China’s Food Poisoning Hazards

Sasha | May 18, 2011 | Comments (15)

With all the contaminated foods and drinks now reported in China the state of eating or drinking these days seems like dodging mines in a minefield, anything these days seemingly can be a hazard. Every time I get sick I have to wonder was it the contaminated milk, the Sichuan peppers or just an un-hygienic meal from a restaurant that caused the 3-5 days of agony.  China just seems to be full of possible food poisoning hazards!

Recently a whole string of food contamination issues have been popping up in the news from the glowing pork discovered in Shanghai to the contaminated yogurt, toxic baby formula and most recently the exploding watermelons blowing up left right and center due to some toxic chemicals used to promote rapid growth.  Now thanks to the Chinese government loosening its grip hold on the reporting of food contamination issues it seems like every second week another food contamination scandal is blowing up in the news and it certainly has got me worried.

Exploding Watermelons - China Real Time Reporter

Now I’m by no means an expert on the food contamination issues in China but I’ve watched enough news reports, read enough articles and been sick with suspected food poisoning enough in my time in China to be pretty concerned about the food I’m consuming.  In fact it is sitting in a haze of low blood sugar levels and excruciating cramps caused by suspected food poisoning that triggered me to write this article.

Recently I was sitting at the Shanghai Entry and Exit Bureau waiting a painful 2 1/2 hours to submit my application for a visa extension.  Needless to say in all that time I got pretty hungry so what did I do I went to the nearest convenience store that just so happened to be Family Mart and bought a prepackaged burrito.  When I got back the the visa office and opened the package I discovered something horrifying, flies, small flies and a lot of them who had apparently set up house inside the packaging.  Goodbye lunch, goodbye appetite.  How could this happen! Surely it was all hygienically packaged, surely it had been refrigerated, so how did those flies end up in the packaging? The only way I could figure they got in there was during the packaging process. This had me now asking myself how many other foods in that factory were contaminated with flies and who knows what other nasty bugs!

Family Mart Pudong

The guilty Family Mart store in Pudong

This incident however was minor compared to my not so pleasant memories of a bout of food poisoning I came down with just a month after arriving in Shanghai in 2010.  Somehow I managed to survive getting food poisoning in China the 7 months prior to moving to Shanghai surprisingly considering those months were spent in a small rural city called Keqiao in Zhejiang province and many other rural towns in southern China. Surely if there was anywhere I would have gotten sick it would have be there.  But no, just a mere month into my new life in Shanghai both me and my roomate got struck down with food poisoning off some pre-cooked chicken bought from the Carrefour supermarket at Zhongshan Park.  It was unbelievable, how could this massive French supermarket chain well known for it’s excellent products cause the both of us to get sick.  It never even entered our minds that buying that pre-cooked salty chicken would go from being a quick delicious meal to something the both of us would regret eating.  It had me wondering if a massive chain like Carrefour couldn’t keep control over its food safety standards how was their any hope for the little guy who didn’t have the money to ensure standards were kept up to scratch.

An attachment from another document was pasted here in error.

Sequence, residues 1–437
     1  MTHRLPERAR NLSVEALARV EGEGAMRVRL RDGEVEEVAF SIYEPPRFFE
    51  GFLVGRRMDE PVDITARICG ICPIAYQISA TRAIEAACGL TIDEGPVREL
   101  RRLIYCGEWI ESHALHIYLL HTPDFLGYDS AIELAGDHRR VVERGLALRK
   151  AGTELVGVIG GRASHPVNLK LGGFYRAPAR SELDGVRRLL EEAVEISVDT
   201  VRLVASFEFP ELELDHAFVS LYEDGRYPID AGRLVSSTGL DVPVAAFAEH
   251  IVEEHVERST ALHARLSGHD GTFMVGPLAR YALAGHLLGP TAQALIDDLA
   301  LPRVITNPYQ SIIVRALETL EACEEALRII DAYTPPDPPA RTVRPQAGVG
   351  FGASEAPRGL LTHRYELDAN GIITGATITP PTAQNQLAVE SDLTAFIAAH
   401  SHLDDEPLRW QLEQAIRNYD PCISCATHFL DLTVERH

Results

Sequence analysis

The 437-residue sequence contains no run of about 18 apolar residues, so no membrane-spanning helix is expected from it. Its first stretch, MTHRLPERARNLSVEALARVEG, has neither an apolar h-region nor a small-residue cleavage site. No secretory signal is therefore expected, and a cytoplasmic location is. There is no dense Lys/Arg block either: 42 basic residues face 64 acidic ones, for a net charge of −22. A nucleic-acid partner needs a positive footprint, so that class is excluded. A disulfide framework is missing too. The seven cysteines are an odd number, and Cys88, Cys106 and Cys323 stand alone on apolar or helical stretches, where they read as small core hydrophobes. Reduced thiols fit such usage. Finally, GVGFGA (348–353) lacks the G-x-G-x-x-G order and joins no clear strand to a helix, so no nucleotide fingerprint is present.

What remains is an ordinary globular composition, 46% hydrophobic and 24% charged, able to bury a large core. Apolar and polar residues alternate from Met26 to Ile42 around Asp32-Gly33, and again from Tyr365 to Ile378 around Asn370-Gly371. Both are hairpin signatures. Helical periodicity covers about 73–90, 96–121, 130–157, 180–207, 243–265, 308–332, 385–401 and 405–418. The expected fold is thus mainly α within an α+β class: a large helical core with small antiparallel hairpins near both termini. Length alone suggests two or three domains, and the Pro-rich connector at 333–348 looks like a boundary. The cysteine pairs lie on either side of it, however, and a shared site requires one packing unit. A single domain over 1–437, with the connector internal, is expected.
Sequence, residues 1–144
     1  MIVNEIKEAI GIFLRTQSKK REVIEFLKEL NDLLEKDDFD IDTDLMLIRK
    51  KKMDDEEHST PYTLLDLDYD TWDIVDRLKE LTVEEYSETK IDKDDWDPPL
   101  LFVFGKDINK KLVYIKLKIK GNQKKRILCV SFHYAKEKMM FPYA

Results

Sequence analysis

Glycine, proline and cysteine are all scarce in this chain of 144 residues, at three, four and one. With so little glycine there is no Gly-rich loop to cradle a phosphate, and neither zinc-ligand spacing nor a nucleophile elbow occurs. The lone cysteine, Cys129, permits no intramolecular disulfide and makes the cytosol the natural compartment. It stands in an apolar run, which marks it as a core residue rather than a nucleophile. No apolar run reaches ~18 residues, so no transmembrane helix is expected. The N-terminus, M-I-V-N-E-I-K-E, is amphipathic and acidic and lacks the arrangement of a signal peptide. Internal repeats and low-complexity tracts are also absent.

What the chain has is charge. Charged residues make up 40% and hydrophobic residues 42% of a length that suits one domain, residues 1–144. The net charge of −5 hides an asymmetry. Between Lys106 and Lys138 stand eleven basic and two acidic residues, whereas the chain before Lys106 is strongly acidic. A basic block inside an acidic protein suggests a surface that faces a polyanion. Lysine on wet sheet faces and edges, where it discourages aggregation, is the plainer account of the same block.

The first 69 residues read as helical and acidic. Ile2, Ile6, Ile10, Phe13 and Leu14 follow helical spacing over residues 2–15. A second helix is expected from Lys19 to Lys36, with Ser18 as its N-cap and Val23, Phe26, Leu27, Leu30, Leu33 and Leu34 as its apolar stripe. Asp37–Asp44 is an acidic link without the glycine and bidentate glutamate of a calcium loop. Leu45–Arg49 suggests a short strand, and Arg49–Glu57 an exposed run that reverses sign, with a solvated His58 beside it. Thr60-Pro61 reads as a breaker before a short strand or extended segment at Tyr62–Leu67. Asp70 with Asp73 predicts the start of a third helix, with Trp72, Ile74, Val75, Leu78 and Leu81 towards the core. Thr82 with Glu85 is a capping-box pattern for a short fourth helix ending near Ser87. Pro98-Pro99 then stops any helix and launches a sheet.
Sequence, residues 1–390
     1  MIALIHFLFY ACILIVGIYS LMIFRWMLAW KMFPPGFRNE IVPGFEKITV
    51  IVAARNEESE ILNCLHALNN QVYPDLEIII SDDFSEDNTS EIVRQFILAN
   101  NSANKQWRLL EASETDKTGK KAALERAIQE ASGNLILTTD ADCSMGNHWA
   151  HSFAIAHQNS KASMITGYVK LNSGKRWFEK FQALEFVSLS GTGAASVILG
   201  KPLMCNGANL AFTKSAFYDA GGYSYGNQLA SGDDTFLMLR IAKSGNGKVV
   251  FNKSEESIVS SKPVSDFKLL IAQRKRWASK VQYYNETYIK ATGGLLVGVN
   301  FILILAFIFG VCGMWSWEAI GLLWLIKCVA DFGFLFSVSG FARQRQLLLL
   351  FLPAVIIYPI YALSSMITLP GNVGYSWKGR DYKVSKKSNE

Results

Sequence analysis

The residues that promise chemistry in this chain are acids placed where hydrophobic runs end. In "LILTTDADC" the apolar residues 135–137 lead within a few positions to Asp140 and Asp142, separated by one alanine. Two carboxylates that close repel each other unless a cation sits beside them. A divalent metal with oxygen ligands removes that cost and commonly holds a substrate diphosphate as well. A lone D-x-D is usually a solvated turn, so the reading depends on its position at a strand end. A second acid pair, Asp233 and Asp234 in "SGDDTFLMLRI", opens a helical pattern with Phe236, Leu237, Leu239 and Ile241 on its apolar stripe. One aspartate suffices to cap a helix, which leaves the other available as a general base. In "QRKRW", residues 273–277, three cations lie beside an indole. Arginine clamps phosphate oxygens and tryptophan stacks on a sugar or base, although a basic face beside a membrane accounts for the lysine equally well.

The not so innocent supermarket.

So here I am again, somehow with yet another case of food poisoning, the second case in 8 months and I’m sure it won’t be my last bout during my time in China.  And lets just say I really don’t want to have to go through this again anytime soon!  I’m determined to minimise the risk of contracting food poisoning again by being wary and making smart choices with my food. And despite the lack of any real regulations that are actually strictly implemented to ensure food safety (in fact enough money will buy you an excellent food safety rating for your restaurant) there are still some things you can do to minimise your risk of contracting the most unpleasant experience.


Tips for Avoiding Food Poisoning


  • Always ensure meat is thoroughly cooked before eating.  If you do buy precooked meat re-heat it before eating.
  • Eat organic fruit and vegetables to ensure no dangerous pesticides or growth educing chemicals haven’t been used.
  • Avoid street food that has been prepared or cooked in a unhygienic environment.
  • Avoid eating meat off the street particularly in summer unless it has been kept refrigerated at least with ice.
  • Those small restaurants that have no one in them at what should be a busy time is probably empty for a reason, if no ones eating there you shouldn’t either.
  • Use disposable chopsticks where you can, they’re often more hygienic then the ones that are washed and reused.
  • Use a sanatiser wipe of boiled water to sanatise cutlery at restaurants, particularly at smaller establishments where dishes aren’t cleaned to hygienic standards.
  • Do not eat at restaurants or streets stalls that are dirty or have animals freely wandering around such as cats and dogs.
  • Never drink the tap water unless it has been boiled!


Have you been struck down with food poising in China or while travelling? Do you have any food safety nightmare stories? Share them in the comments below.

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Category: Health & Safety

About Sasha: Sasha is a sassy Aussie lassie who is living it up as an expat in Shanghai. When she’s not teaching English or slaving away writing her next story she can be found scheming her next grand travel adventure, dancing up a storm at Shanghai’s hippest clubs and taking an uncountable number of photos of random things. View author profile.

Comments (15)

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  1. Charlie says:

    I’m personally not too worried about food poisoning but the quality of the food in China is indeed a serious concern. The best thing you can do is cook at home.
    Charlie recently posted..Five Must-See Websites to Advance Your Chinese

    • Sasha says:

      Absolutely cooking at home will certainly reduce a lot of risk! At least you know exactly what’s going in there and how it’s being prepared! As long as salt, soy sauce and chicken stock doesn’t somehow get contaminated then hopefully we can all be safe!